The Princess Pyunggang

by Lillian Meredith · August 13, 2014

The Princess Pyunggang is a fable, a well-known ancient story from Korea, that tells of a beautiful princess who marries a fool and turns him into a courageous general. Stock characters perform impossible feats, meet with demons, and reunite with long lost relatives. It’s the kind of story that transcends cultural boundaries, and a theatrical event that is recognizable the world over for its simplicity and clarity and familiarity.

Unfortunately, there is a lot lost in translation in Bibimbab Theater’s musical production. On the most basic level, it is almost impossible to tell what the actors are saying. Between broad acting choices and incomprehensible conversation, the actual text gets almost completely lost despite visible body mics. Moreover, the canned music that underscores all of the songs ends up swallowing a lot of the language, so there are whole sections of sung storytelling that are essentially inaudible. This, in addition to muddy staging by director Jong Yeoup Lee, makes for a tedious and occasionally uncomfortable production.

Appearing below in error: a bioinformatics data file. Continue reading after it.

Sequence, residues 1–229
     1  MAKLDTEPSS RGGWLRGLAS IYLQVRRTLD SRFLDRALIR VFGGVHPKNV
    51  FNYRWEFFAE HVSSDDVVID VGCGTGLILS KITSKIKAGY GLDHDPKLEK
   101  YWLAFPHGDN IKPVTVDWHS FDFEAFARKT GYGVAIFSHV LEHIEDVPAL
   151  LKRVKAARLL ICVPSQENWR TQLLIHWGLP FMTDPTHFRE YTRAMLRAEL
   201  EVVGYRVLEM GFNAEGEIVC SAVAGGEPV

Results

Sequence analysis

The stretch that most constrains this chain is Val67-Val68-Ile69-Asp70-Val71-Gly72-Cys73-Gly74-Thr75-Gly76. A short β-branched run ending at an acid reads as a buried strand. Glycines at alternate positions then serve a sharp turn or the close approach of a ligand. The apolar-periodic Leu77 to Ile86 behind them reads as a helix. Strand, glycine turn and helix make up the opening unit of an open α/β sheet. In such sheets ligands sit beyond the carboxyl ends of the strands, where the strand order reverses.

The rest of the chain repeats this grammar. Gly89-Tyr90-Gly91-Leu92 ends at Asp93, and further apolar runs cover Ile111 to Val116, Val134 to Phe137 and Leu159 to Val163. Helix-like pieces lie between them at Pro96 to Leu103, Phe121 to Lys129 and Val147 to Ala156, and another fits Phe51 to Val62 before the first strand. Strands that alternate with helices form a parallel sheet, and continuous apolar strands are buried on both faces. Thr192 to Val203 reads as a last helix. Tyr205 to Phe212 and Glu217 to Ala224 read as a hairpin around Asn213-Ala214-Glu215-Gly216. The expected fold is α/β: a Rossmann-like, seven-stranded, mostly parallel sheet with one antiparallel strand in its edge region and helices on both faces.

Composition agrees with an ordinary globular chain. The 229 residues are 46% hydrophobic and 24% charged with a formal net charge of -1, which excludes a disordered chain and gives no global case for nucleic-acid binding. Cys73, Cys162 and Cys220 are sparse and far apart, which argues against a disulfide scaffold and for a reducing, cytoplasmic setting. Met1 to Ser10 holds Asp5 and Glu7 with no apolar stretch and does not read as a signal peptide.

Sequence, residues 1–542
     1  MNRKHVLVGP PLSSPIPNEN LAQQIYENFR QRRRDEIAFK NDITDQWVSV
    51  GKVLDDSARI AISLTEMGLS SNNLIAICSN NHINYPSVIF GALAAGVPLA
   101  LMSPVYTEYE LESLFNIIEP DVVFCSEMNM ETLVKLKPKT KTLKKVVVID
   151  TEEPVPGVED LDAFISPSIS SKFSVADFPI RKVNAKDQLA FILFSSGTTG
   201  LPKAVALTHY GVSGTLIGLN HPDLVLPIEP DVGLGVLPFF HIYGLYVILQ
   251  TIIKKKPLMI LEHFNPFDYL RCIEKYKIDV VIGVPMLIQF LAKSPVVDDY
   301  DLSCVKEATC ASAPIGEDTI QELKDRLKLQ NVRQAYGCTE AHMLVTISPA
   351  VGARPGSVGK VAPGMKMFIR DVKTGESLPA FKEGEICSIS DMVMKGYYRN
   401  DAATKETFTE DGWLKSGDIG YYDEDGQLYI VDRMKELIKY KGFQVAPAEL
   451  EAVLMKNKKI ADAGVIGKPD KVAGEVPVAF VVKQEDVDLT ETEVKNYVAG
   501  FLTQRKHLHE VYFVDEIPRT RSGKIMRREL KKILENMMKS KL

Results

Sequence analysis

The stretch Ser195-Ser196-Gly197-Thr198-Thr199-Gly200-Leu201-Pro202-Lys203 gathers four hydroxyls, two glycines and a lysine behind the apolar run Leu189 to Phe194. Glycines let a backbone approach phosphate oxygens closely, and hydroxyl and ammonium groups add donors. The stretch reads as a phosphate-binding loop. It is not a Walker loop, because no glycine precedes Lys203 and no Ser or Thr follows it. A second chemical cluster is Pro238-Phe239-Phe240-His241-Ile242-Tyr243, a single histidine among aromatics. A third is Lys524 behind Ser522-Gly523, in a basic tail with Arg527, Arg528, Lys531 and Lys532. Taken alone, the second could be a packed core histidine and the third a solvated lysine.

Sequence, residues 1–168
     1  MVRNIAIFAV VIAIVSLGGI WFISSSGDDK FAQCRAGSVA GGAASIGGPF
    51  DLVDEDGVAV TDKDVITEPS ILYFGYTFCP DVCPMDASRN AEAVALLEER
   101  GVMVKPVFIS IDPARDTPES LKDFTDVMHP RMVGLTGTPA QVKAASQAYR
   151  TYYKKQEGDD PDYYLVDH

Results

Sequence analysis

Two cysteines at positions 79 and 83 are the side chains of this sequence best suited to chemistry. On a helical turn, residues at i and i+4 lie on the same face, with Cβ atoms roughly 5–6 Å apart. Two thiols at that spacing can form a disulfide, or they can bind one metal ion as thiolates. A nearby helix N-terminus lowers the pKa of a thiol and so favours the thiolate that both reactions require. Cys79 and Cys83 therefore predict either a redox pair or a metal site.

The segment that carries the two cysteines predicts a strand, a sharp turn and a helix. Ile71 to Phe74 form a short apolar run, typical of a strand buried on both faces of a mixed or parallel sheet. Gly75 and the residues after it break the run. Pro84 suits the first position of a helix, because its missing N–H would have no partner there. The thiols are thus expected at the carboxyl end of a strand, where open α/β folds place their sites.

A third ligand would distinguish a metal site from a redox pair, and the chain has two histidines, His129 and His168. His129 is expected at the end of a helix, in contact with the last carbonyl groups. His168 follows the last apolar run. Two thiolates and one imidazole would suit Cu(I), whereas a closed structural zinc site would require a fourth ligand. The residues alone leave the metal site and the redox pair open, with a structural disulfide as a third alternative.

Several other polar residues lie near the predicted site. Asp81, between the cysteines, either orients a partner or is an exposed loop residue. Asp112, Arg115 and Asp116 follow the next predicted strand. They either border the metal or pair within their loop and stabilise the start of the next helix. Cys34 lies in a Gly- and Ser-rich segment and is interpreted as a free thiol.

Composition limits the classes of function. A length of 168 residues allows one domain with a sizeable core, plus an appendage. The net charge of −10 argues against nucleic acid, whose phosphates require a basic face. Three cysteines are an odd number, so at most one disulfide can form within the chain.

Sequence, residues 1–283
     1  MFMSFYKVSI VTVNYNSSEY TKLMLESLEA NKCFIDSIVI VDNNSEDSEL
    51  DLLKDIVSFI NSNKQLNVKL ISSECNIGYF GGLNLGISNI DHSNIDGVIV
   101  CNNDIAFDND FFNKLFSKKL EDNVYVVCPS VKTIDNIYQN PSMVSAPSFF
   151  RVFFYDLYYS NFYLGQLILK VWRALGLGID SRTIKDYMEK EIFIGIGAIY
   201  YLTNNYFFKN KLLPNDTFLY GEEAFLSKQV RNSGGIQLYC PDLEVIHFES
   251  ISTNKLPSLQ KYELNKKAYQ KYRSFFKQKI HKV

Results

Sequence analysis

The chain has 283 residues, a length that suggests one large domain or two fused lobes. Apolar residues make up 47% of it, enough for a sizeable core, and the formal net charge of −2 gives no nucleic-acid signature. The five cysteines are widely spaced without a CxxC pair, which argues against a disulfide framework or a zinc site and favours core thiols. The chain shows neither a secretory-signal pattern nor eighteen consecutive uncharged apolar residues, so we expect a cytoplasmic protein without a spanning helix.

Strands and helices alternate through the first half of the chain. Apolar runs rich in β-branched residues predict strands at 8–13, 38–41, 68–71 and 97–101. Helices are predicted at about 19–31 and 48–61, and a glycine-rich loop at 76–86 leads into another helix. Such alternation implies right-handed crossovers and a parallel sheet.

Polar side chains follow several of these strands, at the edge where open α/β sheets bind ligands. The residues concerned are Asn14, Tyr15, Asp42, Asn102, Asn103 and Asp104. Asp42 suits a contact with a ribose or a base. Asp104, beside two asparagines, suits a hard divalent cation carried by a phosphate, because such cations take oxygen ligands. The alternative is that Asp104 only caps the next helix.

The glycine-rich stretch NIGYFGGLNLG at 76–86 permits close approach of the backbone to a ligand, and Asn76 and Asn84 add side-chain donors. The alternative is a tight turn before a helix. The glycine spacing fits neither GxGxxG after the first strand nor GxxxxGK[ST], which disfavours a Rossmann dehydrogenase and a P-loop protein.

It’s a pity, because there are some moments in the show that are really theatrically compelling, and a few that are positively transcendent. Goblins in masks snuck around upstage just out of the light. A white sheet carried a paper ship offstage to the afterlife. Performers danced out a battle with flags and swords and martial arts.  And upstage, behind it all, sat five drums – one enormous one facing out and four smaller ones on either side, all of them painted and beautiful. They were only played twice. First, at the top, before any words were spoken, as an introduction to the piece, a single performer played the giant drum at center, his back to us, the vibrations making the drum sound like it was singing. Second, in a celebration at the end of the battle, the four small drums pushed forward, all five played in unison and in syncopation, the three drummers moving in rhythm with their instruments and shouting in time. It was mesmerizing and magical. And in these moments of live performance, when the canned music was turned off and the body mics were lowered, these small sections of pure analog performance, that the story was clear, the experience profound, and I wished that the play would go on forever.





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